Not just another simple cologne. Elisa on Parfums de Nicolaï’s L’eau Mixte.
If there’s one perfume category I’ve heard people call “boring” the most, it’s citrus. Perhaps it’s because there is less variation among citrus scents than, say, orientals or florals—a rose perfume, a tuberose perfume, and an iris perfume smell nothing alike, but lemon, orange, and grapefruit have a fair amount of olfactory overlap. Or maybe it’s because citrus scents don’t—can’t—evolve much on skin because they don’t last long enough to evolve; they are fleeting, volatile molecules by nature, destined to be top notes.
I must admit I have some of the same reservations about citrus-centric perfumes. I’ve got a few in my collection, and on a hot day, a few spritzes of a crisp citrus chypre like Clarins Eau Dynamisante or Monsieur Balmain hits the spot. But I don’t reach for them often, and I almost always end up putting something else on later. So to make me sit up and take notice, a citrus scent has to be pretty unusual.
L’eau Mixte, Parfums de Nicolaï’s eau de cologne release for summer 2010, was the first citrus to take me by surprise in years. Primarily a grapefruit perfume, it manages to be both refreshing and rich, hitting so many pleasurable notes at once—sweet, tangy, green, herbal—that it feels like getting out of a car to breathe in a big lungful of cool mountain air. Most citrus scents have a bracing quality, but L’eau Mixte is exceptionally bracing.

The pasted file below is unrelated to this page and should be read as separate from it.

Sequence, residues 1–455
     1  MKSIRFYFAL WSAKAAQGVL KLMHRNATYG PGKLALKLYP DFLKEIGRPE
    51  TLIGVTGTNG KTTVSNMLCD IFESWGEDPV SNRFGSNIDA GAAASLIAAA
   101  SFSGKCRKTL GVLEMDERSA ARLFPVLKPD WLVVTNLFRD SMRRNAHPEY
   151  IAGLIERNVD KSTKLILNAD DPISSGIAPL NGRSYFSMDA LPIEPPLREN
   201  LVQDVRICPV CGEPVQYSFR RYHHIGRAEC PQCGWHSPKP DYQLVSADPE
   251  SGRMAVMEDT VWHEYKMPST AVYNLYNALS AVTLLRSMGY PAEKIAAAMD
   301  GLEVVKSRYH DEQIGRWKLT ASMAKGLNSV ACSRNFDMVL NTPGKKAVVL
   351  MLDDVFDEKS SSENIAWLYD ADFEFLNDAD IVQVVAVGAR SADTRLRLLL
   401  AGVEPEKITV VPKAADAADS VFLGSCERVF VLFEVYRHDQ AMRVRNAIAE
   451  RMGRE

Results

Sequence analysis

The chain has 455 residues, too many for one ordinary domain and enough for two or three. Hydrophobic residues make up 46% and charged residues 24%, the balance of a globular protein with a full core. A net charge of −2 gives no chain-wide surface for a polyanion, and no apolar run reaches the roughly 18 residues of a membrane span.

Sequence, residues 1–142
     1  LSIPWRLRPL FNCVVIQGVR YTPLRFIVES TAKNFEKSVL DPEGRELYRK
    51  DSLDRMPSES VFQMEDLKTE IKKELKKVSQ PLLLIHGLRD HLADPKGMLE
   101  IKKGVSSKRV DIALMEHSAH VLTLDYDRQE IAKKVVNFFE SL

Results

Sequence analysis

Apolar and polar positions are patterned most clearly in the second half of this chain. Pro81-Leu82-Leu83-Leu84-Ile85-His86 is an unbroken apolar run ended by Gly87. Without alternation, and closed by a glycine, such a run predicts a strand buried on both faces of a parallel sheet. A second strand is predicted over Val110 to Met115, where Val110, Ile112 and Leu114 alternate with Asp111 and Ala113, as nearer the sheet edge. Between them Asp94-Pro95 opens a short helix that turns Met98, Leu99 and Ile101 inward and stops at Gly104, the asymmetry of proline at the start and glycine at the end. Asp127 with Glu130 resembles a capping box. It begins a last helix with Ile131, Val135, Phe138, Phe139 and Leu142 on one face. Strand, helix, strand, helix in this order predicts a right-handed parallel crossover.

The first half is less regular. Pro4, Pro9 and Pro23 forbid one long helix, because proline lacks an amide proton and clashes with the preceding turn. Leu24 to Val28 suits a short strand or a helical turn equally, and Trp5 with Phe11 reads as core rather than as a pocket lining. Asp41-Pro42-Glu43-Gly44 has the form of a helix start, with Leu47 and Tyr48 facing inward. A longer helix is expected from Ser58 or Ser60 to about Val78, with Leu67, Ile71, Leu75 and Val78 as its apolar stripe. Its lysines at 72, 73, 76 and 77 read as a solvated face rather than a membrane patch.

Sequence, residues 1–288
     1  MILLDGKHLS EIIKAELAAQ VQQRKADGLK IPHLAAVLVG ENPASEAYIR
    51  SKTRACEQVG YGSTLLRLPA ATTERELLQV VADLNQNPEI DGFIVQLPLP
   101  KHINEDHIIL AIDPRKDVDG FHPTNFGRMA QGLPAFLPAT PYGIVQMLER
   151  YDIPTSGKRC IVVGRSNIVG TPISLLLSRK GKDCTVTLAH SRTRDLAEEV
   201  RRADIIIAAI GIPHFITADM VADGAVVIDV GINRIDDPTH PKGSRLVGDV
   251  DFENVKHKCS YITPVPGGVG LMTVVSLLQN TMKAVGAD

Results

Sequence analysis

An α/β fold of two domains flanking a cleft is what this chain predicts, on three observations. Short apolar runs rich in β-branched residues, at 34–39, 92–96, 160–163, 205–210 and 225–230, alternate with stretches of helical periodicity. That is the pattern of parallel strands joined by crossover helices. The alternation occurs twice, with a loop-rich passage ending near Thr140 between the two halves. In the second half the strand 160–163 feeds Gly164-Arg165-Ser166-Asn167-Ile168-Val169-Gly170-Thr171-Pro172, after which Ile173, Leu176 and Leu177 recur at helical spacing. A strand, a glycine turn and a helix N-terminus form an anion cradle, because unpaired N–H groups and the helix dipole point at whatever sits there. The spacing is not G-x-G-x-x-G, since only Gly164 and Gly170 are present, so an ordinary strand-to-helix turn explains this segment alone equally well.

The complex top notes are tart and aromatic, like the sweet, fragrant oils on your fingers after you peel a grapefruit, along with the more bitter notes of dried orange peel or bergamot tea. A hint of mint adds a tingly freshness. There’s also a big hit of pungent blackcurrant, with its grassy, leafy, and sour-berry aspects. It’s the blackcurrant that turns L’eau Mixte pink, even sunset-colored in my mind, rather than orange or yellow. Like a great Campari cocktail—the Negroni is my favorite drink—it gets the mix between bitter and sweet just right. The floral notes, jasmine and what smells like green orange flower, are there just to fill it out, not to steal the show.
Citrus scents are traditionally associated with summer, but this one is full-bodied and long-lasting enough that it transitions well into fall, especially if you live in a climate with sunny Indian summers. The oakmoss in the woody vetiver base is not pronounced enough to make L’eau Mixte feel like a true chypre, but it does give the whole an earthy, rounded feel. There’s also a slight vanillic quality to the musk, so it gets sweeter as it dries down. (Some find grapefruit intimidatingly bitter; this might win you over.)
If you love grapefruit and blackcurrant together, as in Guerlain’s Aqua Allegoria Pamplelune or Moschino Funny!, give L’eau Mixte a try—it’s beautifully done, especially at Nicolai’s temptingly affordable price point.
Parfums de Nicolaï L’eau Mixte includes notes of blackcurrant buds, peppermint, lemon, cinnamon, rose, jasmine, vetiver, oakmoss and musk. Available from Lucky Scent for $45/30 ml or $115/100 ml.
Painting: Raphaelle Peale, A Dessert (Still Life with Lemons and Oranges), 1814, oil on panel, National Gallery of Art, Washington, via wiki-images.